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How to navigate through a bar chart

How to navigate through a bar chart

The (not so) new parameter actions in Tableau introduced the possibility for much more interactivity and navigational elements. For this weeks #MakeoverMonday, a friend asked me if it was possible to select one item in an ordered bar chart and display the 10 items just above and below it dynamically. Well it is with parameter actions (it actually was before already). But the nice thing is that, together with the animations in Tableau, you can use this approach to navigate up and down through a visualisation.

How it looks like

This is how it looks like animated

And this is the workbook on Tableau Public. Unfortunately the animations are not as smooth on Public as they are in Desktop.

How to set it up

You can find the data on the #MakeoverMonday Website and the workbook with this technique on Tableau Public.

First we create a simple bar chart, in this particular case I use the ladder score but it works with any measures you might have.

It’s ordered by the measure and I added the value as a label at the end of the bars as well.

In order to determine the 10 countries before and after the selected one, we will need the rank for each country.


We then drag it to rows in order to see it in the chart.

We then need two parameters, the first one that stores the rank of the selected country. It will be set up as I did on the left. The current value is not important, I set it to 14 to see if my calculations work properly but it is not essential.

This parameter is rather nice to have then actually necessary. It defined how many countries before and after are displayed. You can hard code it in the following calculations but having it as a parameter will make it much easier to change.

Next we need to define which countries should be displayed and which ones are lower or higher (and should therefore be excluded).

This can be achieved with the following calculated field “IsInScope?”

IF RANK(SUM([Value])) < [SelectedCountryRank] - [Scope]
THEN '1-lower'
ELSEIF RANK(SUM([Value])) > [SelectedCountryRank] + [Scope]
THEN '3-higher'
ELSE '2-in range'

Once this is done, we can hide the lower and higher values to display only 21 values. 10 below and 10 above the 14th country in the chart (that’s the 14 we defined in the first parameter).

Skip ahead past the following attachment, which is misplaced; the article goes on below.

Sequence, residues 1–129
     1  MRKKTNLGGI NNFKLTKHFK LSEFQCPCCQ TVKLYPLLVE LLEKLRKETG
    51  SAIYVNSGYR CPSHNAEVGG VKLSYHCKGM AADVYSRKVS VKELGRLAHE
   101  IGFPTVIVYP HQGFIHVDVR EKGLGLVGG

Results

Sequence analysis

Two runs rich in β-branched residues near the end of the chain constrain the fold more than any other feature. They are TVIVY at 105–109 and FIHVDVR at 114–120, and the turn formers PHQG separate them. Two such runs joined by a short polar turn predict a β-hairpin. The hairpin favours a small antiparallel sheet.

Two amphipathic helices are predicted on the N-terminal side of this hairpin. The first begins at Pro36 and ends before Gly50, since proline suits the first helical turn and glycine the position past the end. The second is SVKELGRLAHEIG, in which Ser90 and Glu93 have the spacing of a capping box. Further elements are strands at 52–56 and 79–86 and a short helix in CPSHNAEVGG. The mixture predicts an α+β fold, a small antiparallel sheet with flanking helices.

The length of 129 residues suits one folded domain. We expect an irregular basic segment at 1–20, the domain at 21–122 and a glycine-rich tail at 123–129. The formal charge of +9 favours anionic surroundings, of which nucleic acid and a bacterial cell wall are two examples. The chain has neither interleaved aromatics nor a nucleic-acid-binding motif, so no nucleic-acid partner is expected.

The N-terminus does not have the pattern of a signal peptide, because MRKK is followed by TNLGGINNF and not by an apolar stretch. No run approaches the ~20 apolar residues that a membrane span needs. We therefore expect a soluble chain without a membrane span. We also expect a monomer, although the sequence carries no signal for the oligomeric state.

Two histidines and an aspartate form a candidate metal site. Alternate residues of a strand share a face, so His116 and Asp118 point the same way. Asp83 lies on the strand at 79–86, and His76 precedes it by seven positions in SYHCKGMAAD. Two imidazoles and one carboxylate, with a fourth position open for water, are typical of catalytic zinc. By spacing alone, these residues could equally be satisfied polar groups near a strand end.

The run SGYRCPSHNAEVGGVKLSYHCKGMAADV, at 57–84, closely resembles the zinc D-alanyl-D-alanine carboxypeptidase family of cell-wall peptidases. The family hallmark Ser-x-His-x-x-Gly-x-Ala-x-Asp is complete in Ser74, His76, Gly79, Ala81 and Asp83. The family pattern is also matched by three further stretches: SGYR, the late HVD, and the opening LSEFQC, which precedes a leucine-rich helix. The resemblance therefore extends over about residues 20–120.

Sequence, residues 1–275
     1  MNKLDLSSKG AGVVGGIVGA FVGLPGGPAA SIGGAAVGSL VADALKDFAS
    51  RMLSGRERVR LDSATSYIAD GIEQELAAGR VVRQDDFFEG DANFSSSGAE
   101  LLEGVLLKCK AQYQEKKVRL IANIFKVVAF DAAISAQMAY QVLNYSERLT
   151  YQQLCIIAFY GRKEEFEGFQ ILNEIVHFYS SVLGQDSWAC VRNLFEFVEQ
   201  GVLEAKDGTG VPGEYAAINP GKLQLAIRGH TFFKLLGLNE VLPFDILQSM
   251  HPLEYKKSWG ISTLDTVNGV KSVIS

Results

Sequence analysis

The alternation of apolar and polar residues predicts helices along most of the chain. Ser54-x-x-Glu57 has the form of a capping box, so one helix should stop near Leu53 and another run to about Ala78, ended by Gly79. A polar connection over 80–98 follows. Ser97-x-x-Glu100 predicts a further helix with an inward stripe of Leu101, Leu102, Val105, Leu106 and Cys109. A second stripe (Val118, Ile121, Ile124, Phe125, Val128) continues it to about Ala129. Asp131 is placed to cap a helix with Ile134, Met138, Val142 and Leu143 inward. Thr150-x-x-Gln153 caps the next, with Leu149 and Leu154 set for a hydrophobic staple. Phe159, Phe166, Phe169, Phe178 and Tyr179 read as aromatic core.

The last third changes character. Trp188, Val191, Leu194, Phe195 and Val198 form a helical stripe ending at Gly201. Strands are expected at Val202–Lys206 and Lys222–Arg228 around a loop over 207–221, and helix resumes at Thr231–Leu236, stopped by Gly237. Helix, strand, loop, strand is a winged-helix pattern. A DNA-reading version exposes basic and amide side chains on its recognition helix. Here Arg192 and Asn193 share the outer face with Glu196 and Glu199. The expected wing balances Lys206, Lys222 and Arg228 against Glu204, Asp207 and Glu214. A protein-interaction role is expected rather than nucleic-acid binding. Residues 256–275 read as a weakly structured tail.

To finish the basic functionality off, we just need to add a Parameter Action which changes our parameter value to the selected country value.

Now when you click on a country on the bottom, the chart automatically jumps to that country and displays the 10 countries above and below that country. The problem is that it’s ugly!

There are a bunch of things on the chart which we don’t need to display and Tableau by default grays out the bars that are not selected, which is pretty irritating.

We can hide the “IsInScope?” and “Rank” calculations and remove the axis. In order to remove the highlighting of the selected bar, we create a new calculated field “[Blank]”


Yes, it’s empty on purpose! And set up the highlighting as per the screenshot on the left.

Additional we fix the axis (in this case at 10) in order for the bars to use a common scale, otherwise the topmost bar would always reach all the way to the right.

So far we created some simple navigation through a number of bars. It works as expected but in terms of usability there are a few tweaks we can apply to make it easier to use.

One option is to highlight the selected country in one colour, which makes it easier to identify.

It is as easy as creating “IsSelectedCountry?”

RANK(SUM([Value])) = [SelectedCountryRank]

And dropping it on colour

Next, we want to add the animations. Animations are not always necessary and are sometimes straight out distracting, in this case however it helps the user to identify what is actually happening. Without animations there are suddenly just different bars, with animations the user can actually see if they scroll up or down.

You can access the menu through the “Format” option at the top. I’d recommend to set the speed to 1 second since it is reasonably quick but still makes it clearly visible what is happening. But in the end that’s up to you to decide.

Lastly we can change a few things around to make the graph easier to understand.

Adding [Value] to colour will make the ranking clearer and we can use the row banding feature to colour the selected country in a different colour.

For that we need one additional calculation in order to single out the selected colour to use the row banding:

IF RANK(SUM([Value])) < [SelectedCountryRank] 
THEN '1-lower'
ELSEIF RANK(SUM([Value])) > [SelectedCountryRank]
THEN '3-higher'
ELSE '2-in range'

What to consider

As always, there are a bunch of things to consider when doing something like this. I think it’s a slick approach to pagination but obviously limits what your users can see at once. Usually you might want to compare all values to each other or at least the top/bottom N so displaying only 21 “random” bars might be misleading.

You will also need to make clear that there is actually the possibility to navigate. If you don’t know it, it’s not an intuitive way to interact with a bar chart so this can cause issues.

Lastly – as with so many interactive elements – consider if your dashboard is understandable if somebody screenshots it. Without any context, somebody might be able to scroll to the bottom of the list and claim the country that appears on top performs best. While this is obviously intentionally misleading, this could also happen when somebody just opens your dashboard without realising that they see only part of the whole picture.

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